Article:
Q:McDonald’s seems to be the latest in a trend of companies promoting greater transparency about their food. Is it true customers expect to know everything? And, if so, how do I respond?
Denise Lee Yohn
Q: I’m looking to get some investors. I think we do a good job appealing to customers, but what are some tips for appealing to investors?
Technomic is forecasting a nominal 3 percent growth rate for limited-service restaurants in 2015, so it doesn’t seem as if there will be any big changes in fast food in the coming year. Any positive effect produced by lower gas prices is likely to be canceled out by drought-induced higher food costs. But that doesn’t mean the fast-food industry is going to sit back and do the same old things this year. We’ll be working hard to create exciting experiences and differentiate our brands while fighting new competitors encroaching on our territory. And it won’t just be with new products.
It’s that time of year. Time to look back and reflect upon the brand developments in quick service from the past year—from the surprising to the exciting and the defining—that seemed most important. Innovation and growth are a couple of the common themes among the top fast-food brand stories of 2014.
Q: Many fast-food restaurants are beefing up their mobile capabilities. What is the best way to tap into this trend?
A: Getting in on the mobile ordering—or mobile payment or mobile marketing—trend shouldn’t be our objective. Instead, we should ask, “How can we use mobile technology to disrupt our industry, make our competitors irrelevant, or change our customers’ lives?” In other words, “How can we become the Uber of fast food?”
Q: Can you give me some pointers on reaching out to the Hispanic market?
A: The Hispanic market deserves our attention. There are more than 50 million Hispanics living in the U.S. and, by 2050, that number is projected to grow to 130 million. Hispanics are our country’s largest ethnic group, accounting for 16 percent of our population; the number is even higher in states like New Mexico (46 percent), Texas (38 percent), and California (38 percent).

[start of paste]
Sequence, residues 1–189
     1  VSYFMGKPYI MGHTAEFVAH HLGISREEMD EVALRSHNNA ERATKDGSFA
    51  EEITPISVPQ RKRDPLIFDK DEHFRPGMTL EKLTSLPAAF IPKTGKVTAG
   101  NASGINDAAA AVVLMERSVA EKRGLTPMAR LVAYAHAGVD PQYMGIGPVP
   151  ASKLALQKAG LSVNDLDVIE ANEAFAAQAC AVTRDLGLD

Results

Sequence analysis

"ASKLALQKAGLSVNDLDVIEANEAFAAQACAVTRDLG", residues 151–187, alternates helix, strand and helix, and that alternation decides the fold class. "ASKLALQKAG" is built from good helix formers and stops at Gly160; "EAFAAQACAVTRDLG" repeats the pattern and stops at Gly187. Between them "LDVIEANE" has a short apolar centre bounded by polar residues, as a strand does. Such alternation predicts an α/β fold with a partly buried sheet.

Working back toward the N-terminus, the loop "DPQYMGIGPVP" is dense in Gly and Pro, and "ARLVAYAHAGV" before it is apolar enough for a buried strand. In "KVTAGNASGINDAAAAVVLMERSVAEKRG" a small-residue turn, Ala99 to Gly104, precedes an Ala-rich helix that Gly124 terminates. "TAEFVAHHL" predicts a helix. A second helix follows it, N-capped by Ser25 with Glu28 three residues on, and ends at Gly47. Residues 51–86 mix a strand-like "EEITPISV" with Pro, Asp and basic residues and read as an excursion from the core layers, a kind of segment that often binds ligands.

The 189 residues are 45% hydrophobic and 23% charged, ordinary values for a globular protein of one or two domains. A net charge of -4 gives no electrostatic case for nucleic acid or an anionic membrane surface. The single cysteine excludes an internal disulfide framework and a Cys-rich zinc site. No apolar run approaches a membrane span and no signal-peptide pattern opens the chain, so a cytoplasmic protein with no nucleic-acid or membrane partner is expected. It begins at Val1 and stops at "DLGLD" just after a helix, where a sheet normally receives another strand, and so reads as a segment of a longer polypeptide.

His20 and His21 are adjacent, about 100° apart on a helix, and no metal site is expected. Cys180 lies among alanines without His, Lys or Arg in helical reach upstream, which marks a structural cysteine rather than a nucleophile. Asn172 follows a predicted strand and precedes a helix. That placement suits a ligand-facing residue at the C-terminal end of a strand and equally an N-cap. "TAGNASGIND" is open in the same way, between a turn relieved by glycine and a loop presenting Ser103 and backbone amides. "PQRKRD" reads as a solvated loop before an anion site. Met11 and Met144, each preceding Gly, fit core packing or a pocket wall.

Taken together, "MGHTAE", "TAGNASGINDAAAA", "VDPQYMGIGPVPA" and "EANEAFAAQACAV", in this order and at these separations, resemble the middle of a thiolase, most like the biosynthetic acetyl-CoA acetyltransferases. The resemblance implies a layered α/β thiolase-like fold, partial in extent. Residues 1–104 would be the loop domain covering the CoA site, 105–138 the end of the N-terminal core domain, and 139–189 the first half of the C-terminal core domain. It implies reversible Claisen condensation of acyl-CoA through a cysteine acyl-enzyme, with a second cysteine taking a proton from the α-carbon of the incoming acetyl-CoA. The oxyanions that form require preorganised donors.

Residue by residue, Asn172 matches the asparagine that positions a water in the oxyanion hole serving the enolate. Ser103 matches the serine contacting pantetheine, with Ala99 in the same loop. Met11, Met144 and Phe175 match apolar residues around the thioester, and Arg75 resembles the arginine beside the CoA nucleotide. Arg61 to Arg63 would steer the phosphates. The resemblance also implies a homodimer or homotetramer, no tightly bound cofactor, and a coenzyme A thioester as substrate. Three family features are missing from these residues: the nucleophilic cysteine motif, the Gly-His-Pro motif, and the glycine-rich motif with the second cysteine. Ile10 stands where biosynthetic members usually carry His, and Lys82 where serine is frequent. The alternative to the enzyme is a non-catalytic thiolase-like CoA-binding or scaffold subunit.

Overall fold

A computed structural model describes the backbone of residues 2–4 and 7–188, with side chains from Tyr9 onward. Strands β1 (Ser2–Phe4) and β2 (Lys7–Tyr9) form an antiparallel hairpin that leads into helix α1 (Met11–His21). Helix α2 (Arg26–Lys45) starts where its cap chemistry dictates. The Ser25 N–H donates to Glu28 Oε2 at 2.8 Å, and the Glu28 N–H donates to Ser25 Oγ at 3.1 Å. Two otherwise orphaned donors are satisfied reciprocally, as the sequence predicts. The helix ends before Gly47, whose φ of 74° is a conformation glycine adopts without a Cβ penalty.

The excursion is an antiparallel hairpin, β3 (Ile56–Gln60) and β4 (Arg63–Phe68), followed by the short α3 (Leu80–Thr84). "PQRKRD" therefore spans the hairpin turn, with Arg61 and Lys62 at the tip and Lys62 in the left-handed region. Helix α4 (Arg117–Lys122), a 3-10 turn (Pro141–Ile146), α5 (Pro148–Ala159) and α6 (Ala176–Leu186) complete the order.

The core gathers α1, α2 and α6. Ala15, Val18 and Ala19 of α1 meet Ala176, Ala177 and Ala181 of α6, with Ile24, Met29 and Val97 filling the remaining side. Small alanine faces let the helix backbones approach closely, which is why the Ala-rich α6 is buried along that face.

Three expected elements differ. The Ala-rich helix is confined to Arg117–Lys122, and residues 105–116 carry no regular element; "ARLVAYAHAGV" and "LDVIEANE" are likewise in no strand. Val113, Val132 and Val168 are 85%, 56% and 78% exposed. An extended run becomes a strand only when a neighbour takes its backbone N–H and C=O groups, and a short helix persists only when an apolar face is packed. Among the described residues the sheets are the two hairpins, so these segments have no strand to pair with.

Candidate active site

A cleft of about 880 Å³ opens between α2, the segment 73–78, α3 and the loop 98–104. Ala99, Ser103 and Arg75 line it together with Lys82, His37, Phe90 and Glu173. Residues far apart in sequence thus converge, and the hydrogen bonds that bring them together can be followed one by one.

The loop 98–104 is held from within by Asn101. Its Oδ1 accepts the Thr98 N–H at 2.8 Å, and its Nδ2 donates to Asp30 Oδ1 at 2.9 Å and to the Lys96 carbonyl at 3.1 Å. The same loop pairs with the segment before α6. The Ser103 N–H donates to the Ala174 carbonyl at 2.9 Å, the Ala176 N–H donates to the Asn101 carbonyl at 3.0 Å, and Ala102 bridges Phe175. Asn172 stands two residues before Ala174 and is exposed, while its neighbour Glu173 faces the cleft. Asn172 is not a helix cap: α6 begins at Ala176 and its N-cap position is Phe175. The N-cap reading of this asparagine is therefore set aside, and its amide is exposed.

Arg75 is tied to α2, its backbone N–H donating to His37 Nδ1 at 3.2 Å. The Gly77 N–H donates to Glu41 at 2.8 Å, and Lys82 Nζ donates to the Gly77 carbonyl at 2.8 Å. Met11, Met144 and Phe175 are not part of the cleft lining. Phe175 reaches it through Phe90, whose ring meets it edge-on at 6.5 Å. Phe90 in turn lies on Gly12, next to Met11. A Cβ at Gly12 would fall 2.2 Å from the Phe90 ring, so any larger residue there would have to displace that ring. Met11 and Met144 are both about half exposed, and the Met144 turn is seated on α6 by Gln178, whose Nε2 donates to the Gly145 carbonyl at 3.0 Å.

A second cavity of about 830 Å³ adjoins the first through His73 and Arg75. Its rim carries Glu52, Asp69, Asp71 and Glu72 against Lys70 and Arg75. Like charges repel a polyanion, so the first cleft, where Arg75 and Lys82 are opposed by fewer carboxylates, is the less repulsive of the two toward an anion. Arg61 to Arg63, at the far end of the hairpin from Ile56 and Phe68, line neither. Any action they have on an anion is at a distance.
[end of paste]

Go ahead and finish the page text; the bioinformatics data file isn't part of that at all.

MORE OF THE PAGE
Q: Your last column recommended putting a priority on influencers to spark word-of-mouth marketing. Can you explain more about how to use influencers?
Q: Everyone says word-of-mouth marketing is the best form of marketing, but how do you actually create it?
This month I’m answering three questions that were submitted through our online question form. While the questions cover a range of issues in the industry, the common theme is to ensure you’re asking the right question in the first place.
I have recently opened my quick serve, and for the first two weeks, response was very good. Now suddenly my sales have gone down and I don’t know what to do. Please give me some marketing ideas to reach more people.
—Anil Patil, Mr. Hungry
Q: We're committed to offering a streamlined menu, so we don't want to introduce a bunch of new products. What other options do we have for creating news to promote our business?
A: Great question, especially in light of recent reports that suggest the quick-serve category has become so saturated with new products that brands are reaching the point of diminishing returns.